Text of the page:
After a decade of local wanderings, Chabad Jewish Center of Northwest Bergen County is in contract to purchase a former church as its permanent Franklin Lakes address.
“The building fits us like a glove,” says Rabbi Chanoch Kaplan, director since the inception of this Lubavitch center in 2000. “We’ll have classrooms, a 200-seat sanctuary that will double as a space for programs and celebrations, and office space.”
Until now, the center’s growing roster of programs has been housed in several locations. High Holiday services have been held in Ramapo High School’s 650-seat auditorium for the past two years. A Hebrew school, directed by Kaplan’s wife, Mimi, meets at a rented facility in Oakland. Community holiday programs are held at the Gerrard Berman Solomon Schechter Day School of North Jersey in Oakland, and Kaplan teaches classes at his home in Franklin Lakes.
The leadership of the Chabad Center expressed interest in the property owned by Reformed Bible Fellowship three years ago, but until now a tenant church has been renting it. In the fall, Chabad received word that the tenant intends to move, and discussions began. Following the necessary approvals on both sides, the center expects to close on the sale at the end of June, do a bit of remodeling, and open in time for the start of the Hebrew school and High Holiday season.
“We have a committee guiding the process of fund-raising, and we are open to people wanting to make dedications in memory or honor of somebody or just to do something for the community,” says Kaplan. He estimates the cost of purchase and renovation to be about $2 million. In addition, the center will purchase a parsonage for the Kaplans, as their present home is not within walking distance of the new location.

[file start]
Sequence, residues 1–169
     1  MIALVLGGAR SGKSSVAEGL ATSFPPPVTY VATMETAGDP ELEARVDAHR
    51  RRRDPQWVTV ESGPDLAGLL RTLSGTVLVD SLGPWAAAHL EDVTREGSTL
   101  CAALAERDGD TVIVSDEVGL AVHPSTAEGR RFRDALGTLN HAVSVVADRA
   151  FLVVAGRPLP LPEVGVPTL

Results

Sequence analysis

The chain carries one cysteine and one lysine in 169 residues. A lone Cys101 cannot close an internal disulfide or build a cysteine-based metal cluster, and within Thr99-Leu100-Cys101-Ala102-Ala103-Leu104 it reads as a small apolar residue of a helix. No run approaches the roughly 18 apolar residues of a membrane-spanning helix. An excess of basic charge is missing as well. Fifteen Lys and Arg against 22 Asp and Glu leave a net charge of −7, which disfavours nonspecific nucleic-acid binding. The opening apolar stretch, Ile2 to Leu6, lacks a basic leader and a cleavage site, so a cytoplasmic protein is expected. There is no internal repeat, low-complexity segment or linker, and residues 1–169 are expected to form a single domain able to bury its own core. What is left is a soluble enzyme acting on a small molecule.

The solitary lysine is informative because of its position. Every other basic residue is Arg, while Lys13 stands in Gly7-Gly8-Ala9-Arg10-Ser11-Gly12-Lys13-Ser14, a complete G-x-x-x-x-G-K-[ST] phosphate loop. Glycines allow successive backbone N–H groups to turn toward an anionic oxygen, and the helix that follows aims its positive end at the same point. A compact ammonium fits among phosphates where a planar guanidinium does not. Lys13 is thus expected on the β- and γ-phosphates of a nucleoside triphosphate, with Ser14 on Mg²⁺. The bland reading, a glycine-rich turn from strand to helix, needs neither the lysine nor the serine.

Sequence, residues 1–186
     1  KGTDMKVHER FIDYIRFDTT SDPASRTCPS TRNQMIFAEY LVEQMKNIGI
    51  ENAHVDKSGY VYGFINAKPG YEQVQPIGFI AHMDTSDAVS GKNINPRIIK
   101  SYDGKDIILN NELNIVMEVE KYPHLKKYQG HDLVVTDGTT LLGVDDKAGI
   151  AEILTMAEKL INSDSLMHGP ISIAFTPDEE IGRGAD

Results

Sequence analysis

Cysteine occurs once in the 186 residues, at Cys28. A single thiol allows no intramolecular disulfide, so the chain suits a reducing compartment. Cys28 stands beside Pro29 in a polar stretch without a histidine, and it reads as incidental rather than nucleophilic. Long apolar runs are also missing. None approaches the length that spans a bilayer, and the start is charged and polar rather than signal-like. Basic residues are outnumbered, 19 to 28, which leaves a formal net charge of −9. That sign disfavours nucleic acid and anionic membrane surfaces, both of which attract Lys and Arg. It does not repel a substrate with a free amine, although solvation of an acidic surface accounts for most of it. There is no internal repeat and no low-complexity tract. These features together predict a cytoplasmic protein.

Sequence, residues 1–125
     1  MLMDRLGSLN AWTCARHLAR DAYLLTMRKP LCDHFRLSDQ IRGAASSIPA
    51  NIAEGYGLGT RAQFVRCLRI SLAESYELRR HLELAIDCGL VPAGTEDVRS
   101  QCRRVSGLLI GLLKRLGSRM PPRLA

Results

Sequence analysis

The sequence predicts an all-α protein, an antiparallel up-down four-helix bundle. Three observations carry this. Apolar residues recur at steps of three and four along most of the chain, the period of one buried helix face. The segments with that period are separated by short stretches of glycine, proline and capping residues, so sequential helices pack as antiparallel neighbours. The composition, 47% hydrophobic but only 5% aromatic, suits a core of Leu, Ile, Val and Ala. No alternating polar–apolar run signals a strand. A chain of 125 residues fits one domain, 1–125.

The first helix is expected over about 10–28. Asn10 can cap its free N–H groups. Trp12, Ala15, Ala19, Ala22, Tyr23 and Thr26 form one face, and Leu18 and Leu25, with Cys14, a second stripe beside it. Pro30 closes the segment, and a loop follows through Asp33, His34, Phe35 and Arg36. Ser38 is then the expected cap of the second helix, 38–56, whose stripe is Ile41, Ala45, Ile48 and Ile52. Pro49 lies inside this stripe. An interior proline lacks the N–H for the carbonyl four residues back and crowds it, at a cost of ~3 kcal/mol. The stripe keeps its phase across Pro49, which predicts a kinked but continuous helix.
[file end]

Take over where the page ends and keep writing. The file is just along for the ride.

Kaplan described a growing Chabad community, which draws about 250 active families mainly from Wyckoff, Franklin Lakes, Oakland, and Mahwah. Jews in this vicinity also are served by Beth Haverim in Mahwah, Barnert Temple and Temple Emanuel in Franklin Lakes, and Temple Beth Rishon in Wyckoff, but Chabad is the sole Orthodox synagogue and community center in the area.
“We are here to bolster and augment the wonderful organizations already here, and add a special ingredient. My wife and I are full-time, 24/7,” says Kaplan. “We’re here to share our lives with the community.” They’re aided by volunteers and 13 paid staffers at the Hebrew school for about 100 children from pre-K to bar/bat mitzvah age. Mimi Kaplan, expecting the couple’s sixth child, also directs a summer camp.
“When we first came, we decided it was a great community with growth potential and open to what Chabad offers,” the rabbi says. “Our approach is unique – very open and engaging, actively reaching out to the community. For some it was tradition they were interested in, while others were seeking Jewish educational and cultural opportunities. People come to us for many different reasons and we try to accommodate everybody.”
Kaplan leads a public menorah-lighting on Chanukah at Wyckoff and Mahwah town halls. “In Wyckoff, we had 30 people at the lighting the first year, and now it’s upwards of 300,” he reports.
On rotating Friday nights, Chabad hosts Shabbat Around the World, a themed family dinner; an abridged beginners service; and Tot Shabbat for parents and young children. At weekly Saturday morning services, the congregation has celebrated bar and bat mitzvahs, baby-namings, and other lifecycle events.
In addition, the Kaplans have established local chapters of Lubavitch initiatives such as the multimedia Jewish Learning Institute adult education program; the Women’s Circle; Youth Zone, a social action club for third- to eighth-graders; a winter break camp; Cteen and JLI Teen groups; and Friendship Club, which pairs teenage volunteers with special-needs children.
“Our primary focus with our Friendship Club is Sunday Circle, a light Jewish-education program for children for special needs, where the kids come together with the volunteers and a professional for crafts and songs,” says Kaplan.
For Purim, beginning at sundown March 19, Chabad of Northwest Bergen will host a Saturday night event for adults with a comedian; the next day, the Hebrew school families and community are invited to a “Purim in Israel” party featuring Israeli crafts, entertainment, and cuisine.
“The connecting theme of everything we do is Jewish-oriented and meant to inspire,” says Kaplan, who grew up in a family of Chabad emissaries in Maryland. “We were the pioneers there, and that’s the type of life in which I found meaning and fulfillment. Being a Chabad rabbi is an opportunity to teach my children what it means to give to others and the importance of every individual.”
|Rendering provided by Chabad Jewish Center of Northwest Bergen County|